Big money deals are starving pop

So, $80m for REM. But that leaves little change for tomorrow's acts, says Andy Gill
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The Independent Online
Judging by the colossal deal signed this week between Warner Brothers Records and the American rock group REM, reports in recent years of the "death of pop" have proven not only premature, but well wide of the target.

The arrangement, which nets the Athens, Georgia-based group a cool $80m for only five albums, is one of the biggest recording deals ever struck in the music industry, confirming the band's position as one of the most popular acts in the world today.

It is not, however, the largest deal ever struck with a recording artist. That, like most record-breaking feats in the record business, remains in Michael Jackson's domain, although the $890m multi-media deal he signed with Sony in 1991 involved not only Jackson's own work but also the rights to other artists' publishing catalogues that he had previously purchased, most notably the Northern Songs portfolio containing Lennon & McCartney's Beatles compositions.

As with English football transfers, the Nineties have been the silly season for music-industry deals. Observers were shocked in 1991 when Virgin Records signed Janet Jackson for $50m and The Rolling Stones for $30m - although the deals were explained as a means whereby Richard Branson could "fatten up" his Virgin record label with only a few money-spinning stars (Genesis, Phil Collins), before selling it off for around half a billion pounds.

In the film industry, appearances are all-important: accordingly, telephone- number deals are often struck simply to demonstrate to the Los Angeles film colony that the studio in question can attract the talent.

Much the same holds for the music business. When CBS, for instance, re-signed Bob Dylan, it wasn't necessarily expecting to recoup its entire investment from Dylan's own recordings. It was buying Dylan's position as an artist of great probity, which would be of incalculable help in attracting other artists.

So, too, with Warner and REM, lauded as much for their humanitarian ethos and environment-friendly attitude as for their music. Nirvana's Kurt Cobain, deeply troubled by the conflict between his original punk ideals and the immense success that would eventually lead him to suicide, once regretted being unable to handle the fame as well as REM's frontman Michael Stipe, whom he referred to as virtually a saint. It's that saintliness, as much as anything, on which Warner has taken up its option: in negotiations with young indie or "college-rock" bands, it will doubtless prove invaluable.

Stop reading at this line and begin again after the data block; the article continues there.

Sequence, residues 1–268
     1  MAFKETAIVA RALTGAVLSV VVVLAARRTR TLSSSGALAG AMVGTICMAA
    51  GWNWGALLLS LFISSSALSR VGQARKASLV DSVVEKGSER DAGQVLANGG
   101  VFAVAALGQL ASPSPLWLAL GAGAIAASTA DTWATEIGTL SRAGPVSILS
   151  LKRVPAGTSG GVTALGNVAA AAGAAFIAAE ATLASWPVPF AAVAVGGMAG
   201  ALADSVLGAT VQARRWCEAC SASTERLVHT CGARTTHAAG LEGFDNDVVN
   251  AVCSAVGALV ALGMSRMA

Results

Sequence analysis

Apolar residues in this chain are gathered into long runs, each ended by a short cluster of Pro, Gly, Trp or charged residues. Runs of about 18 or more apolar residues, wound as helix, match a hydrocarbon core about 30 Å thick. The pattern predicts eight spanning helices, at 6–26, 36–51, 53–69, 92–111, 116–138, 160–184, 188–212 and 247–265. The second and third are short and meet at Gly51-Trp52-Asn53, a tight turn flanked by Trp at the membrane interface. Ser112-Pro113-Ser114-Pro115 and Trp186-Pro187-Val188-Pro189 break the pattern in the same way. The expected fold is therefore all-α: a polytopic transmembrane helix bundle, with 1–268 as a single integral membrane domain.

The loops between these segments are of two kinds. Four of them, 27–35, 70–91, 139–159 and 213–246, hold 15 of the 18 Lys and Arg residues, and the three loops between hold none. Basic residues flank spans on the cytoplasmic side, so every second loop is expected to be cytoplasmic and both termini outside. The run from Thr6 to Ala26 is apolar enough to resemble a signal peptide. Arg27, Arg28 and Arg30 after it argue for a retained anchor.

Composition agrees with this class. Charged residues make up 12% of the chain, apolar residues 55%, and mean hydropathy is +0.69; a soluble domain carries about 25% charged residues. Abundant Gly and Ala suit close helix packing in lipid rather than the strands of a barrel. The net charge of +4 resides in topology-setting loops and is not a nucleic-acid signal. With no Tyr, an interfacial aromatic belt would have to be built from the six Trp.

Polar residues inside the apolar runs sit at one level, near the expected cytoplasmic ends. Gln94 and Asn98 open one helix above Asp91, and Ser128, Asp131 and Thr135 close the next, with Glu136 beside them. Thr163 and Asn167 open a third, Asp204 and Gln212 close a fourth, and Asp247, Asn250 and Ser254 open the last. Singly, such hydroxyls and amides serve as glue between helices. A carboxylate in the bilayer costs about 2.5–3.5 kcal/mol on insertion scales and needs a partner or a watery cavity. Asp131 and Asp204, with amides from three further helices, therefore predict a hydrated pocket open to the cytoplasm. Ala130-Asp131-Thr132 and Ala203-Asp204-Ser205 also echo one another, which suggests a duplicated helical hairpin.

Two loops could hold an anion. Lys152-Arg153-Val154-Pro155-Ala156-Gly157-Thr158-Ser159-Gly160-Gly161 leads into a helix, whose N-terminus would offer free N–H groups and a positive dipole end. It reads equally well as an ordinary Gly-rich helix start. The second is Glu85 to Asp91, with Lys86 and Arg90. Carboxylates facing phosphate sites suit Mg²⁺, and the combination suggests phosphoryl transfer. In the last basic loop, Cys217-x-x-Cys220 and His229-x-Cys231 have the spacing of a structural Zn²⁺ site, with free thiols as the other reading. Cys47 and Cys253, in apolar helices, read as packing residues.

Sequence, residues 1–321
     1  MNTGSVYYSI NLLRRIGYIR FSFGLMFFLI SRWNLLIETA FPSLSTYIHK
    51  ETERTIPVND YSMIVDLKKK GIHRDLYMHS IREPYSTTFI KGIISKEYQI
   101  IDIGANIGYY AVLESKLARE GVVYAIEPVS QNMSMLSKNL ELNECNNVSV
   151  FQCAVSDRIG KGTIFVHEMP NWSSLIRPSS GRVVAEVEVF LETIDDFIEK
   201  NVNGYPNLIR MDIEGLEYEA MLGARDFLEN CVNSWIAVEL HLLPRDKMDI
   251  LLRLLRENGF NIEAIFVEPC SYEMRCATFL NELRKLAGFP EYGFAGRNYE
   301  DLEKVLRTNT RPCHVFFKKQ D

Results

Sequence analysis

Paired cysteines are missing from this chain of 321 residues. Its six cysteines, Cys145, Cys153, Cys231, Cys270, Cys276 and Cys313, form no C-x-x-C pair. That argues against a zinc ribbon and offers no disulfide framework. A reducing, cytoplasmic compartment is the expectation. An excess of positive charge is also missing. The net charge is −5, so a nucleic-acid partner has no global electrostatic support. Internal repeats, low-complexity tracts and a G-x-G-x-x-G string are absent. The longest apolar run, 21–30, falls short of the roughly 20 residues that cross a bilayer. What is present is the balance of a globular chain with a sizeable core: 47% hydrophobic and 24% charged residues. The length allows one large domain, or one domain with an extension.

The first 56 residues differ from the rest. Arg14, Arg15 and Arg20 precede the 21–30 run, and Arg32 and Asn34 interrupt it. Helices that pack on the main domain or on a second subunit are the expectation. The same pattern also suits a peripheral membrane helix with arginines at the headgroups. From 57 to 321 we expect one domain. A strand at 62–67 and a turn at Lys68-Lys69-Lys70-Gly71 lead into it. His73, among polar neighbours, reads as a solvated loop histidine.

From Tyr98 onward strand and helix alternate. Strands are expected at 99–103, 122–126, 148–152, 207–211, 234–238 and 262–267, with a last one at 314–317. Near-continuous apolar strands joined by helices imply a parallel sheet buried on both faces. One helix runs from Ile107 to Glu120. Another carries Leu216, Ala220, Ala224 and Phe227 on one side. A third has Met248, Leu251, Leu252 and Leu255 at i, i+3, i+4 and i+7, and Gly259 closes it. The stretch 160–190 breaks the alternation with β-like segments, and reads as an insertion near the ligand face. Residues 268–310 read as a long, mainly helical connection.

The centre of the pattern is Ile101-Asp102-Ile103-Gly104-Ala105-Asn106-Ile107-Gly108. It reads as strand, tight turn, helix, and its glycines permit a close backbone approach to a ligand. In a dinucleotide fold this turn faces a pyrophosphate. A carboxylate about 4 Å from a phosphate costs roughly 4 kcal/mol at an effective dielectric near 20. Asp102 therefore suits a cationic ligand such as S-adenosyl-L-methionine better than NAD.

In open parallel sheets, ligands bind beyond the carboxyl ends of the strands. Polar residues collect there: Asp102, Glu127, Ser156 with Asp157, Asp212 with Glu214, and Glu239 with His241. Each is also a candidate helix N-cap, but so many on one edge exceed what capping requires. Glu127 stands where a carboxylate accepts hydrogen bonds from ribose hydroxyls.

But, as with English football once more, big-money deals tell only part of the story. Every $80m that a label is paying a Janet Jackson or REM is $80m less in the kitty to develop those young indie bands attracted by the big-name artists. When rock music first became a global mega-bucks business, record labels would routinely sign bands to six-album deals, relying on their artist & repertoire (A&R) departments to develop the band's career over the full course of the contract. Rare indeed was the debut album that made money, or was intended to do anything other than introduce the group's name to the public; indeed, there would be several years of subsidy - through tours, advertising, marketing and further recordings - before the company expected to see a return on its investment.

Now, new bands sign deals for singles, and if the first single doesn't chart under its own steam, they may never get to make an album. It's a myopic, short-term strategy that has resulted in the erosion of the major labels' A&R departments, whose traditional talent-spotting duties are now carried out by independent companies such as Creation and Go! Discs - which are then forced to sign licensing deals with the majors to finance the development of acts, such as Oasis, that break through to wider audiences.

It's a remarkably similar situation to that of the early days of rock 'n' roll, when local hits on small American labels would be picked up by major distributors for national release. Then again, the stakes weren't quite as high in those days. When Sam Phillips sold Elvis Presley's contract to RCA, he received the princely sum of $35,000.


Band Company Est. Deal Year

REM Warner Bros $80m 1996

Janet Jackson EMI $70m 1996

George Michael Dreamworks/Virgin $50m 1995

Michael Jackson Sony $60m 1991

Madonna Warner Bros $60m 1991

Rolling Stones Atlantic $5m 1971

Beatles EMI Royalties 1962

of 1p/record

James Elder and Ben Summers